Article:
New Orleans Hornets Win Draft Lottery, Get #1 Pick In 2012 NBA Draft

By Randall Stevens  |  05/31/2012

New Orleans coach Monty Williams celebrates after getting the top pick of the 2012 NBA Draft.The New Orleans Hornets had one helluva season. They lost Chris Paul to the Los Angeles Clippers in December, and had a losing season. However, their luck has changed...

After landing a new owner in April (Saints owner Tom Benson), the latest good news for the franchise is: getting the #1 overall pick in the 2012 NBA Draft.

The Hornets won the NBA's draft lottery on Wednesday (May 30) and now have the #1 pick overall -- which the Associated Press (and other sports outlets) say will almost certainly be used for Kentucky star Anthony Davis.

Moments after the Hornets won the lottery, Davis said he was looking forward to playing professionally in the place where he led the Wildcats to a national championship in April.

"Just a first step for us to winning it all," Benson said in a TV interview after the lottery.

The Hornets moved up from the fourth spot, where they had a 13.7 percent chance, to earn the pick.

"Everything was surreal once they announced the fourth pick," said Hornets coach Monty Williams, who represented the team on stage. "I said 'This is pretty cool.' I knew my wife and kids were home praying that things would go well and they did."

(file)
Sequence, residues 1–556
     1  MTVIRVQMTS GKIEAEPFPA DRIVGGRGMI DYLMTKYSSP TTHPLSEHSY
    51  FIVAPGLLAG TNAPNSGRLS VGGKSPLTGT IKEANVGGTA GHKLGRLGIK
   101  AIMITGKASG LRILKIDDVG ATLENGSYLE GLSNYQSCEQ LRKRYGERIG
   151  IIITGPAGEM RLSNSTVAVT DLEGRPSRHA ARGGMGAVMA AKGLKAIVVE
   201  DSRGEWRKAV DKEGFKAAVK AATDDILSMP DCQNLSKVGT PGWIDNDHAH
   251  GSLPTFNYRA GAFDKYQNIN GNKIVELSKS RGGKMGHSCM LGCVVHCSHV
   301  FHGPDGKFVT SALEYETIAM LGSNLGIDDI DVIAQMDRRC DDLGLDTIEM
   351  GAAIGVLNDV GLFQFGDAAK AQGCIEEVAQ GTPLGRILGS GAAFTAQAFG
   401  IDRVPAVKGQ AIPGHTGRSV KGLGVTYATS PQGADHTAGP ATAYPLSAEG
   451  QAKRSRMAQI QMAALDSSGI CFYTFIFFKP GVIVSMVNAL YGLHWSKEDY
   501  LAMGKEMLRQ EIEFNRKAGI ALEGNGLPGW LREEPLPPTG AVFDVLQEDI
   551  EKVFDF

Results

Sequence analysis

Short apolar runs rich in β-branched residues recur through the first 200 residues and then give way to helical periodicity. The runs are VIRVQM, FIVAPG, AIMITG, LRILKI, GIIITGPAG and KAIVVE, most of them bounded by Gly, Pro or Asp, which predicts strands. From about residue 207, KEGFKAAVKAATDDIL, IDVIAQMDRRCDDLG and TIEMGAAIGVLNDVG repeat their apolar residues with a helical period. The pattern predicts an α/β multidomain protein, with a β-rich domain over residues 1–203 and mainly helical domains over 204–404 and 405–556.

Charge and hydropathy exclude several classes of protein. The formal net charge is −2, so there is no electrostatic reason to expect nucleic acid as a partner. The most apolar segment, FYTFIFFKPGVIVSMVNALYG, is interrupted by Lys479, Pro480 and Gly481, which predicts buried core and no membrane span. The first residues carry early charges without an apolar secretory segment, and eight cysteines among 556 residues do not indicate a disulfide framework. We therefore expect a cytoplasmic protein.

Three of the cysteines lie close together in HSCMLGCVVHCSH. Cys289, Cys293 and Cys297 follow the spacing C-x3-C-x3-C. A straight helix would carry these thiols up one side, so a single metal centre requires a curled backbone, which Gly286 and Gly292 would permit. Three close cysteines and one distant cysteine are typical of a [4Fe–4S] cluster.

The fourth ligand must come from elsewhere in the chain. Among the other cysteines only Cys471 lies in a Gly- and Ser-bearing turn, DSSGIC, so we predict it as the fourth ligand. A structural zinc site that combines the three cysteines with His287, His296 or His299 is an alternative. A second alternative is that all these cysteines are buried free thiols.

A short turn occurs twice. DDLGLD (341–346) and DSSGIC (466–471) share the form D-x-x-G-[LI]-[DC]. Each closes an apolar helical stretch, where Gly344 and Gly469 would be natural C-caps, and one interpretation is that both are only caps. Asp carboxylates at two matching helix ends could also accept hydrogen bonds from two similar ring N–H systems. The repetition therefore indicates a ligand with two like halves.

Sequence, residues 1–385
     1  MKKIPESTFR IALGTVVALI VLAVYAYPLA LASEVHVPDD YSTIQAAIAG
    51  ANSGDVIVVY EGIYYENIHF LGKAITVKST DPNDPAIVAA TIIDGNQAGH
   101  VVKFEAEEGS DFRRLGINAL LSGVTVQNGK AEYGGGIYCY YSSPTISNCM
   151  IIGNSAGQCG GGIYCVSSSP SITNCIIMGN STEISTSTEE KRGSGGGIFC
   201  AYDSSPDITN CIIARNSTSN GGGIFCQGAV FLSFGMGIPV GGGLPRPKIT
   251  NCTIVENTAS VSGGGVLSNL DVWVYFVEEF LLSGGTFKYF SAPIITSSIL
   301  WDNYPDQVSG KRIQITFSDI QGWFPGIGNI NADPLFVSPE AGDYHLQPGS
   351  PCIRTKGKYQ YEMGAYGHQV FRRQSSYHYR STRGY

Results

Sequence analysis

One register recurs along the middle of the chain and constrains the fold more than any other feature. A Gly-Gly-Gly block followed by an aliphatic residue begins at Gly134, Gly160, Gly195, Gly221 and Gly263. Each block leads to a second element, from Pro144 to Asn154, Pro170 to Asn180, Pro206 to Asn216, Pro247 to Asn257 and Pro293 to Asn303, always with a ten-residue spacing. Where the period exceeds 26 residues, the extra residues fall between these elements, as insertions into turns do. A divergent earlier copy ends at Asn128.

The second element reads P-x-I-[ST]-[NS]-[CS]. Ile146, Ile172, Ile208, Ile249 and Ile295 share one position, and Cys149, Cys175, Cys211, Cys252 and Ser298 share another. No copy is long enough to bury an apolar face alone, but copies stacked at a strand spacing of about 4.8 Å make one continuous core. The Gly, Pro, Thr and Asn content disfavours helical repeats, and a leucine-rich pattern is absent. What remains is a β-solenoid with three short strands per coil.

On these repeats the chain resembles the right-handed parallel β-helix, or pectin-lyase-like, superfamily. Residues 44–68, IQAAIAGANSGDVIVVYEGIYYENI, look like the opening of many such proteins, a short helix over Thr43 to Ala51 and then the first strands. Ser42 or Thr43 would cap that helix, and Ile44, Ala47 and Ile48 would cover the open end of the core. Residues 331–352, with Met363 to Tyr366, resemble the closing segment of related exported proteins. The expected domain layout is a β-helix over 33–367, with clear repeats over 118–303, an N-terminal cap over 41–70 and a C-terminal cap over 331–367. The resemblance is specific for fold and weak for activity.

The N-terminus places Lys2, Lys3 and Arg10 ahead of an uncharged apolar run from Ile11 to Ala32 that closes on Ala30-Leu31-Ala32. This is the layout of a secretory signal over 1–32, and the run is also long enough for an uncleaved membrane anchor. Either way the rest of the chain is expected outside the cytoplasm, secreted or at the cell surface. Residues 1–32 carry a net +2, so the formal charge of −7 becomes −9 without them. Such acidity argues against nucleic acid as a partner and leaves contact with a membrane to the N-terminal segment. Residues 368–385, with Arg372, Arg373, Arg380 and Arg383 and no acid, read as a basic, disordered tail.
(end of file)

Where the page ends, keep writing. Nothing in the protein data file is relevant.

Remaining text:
The NBA bought the Hornets from owner George Shinn in December 2010 and the sale to Benson was completed in April. The last time the Hornets got the #1 pick was in 1991, when they were still in Charlotte and took Larry Johnson.

Michael Jordan's Charlotte Bobcats, who had the worst record this past season (7-59) and the worst winning percentage in NBA history, got the #2 pick; Washington got #3; and the Cleveland Cavs got #4.

Charlotte had a 25 percent chance of grabbing the #1 pick, but instead will have to take the best player after Davis, possibly his teammate, Michael Kidd-Gilchrist.

"We will still take the best player available and when you win seven games you have a lot of holes," Bobcats general manager Rich Cho told the AP about getting the second pick. "From a competitive standpoint and for anyone who has played sports or been competitive, you want to win and be No. 1. We know we're still going to get a good player."

Team vice chairman Curtis Polk added, "Being No. 2 isn't terrible. We'll be fine."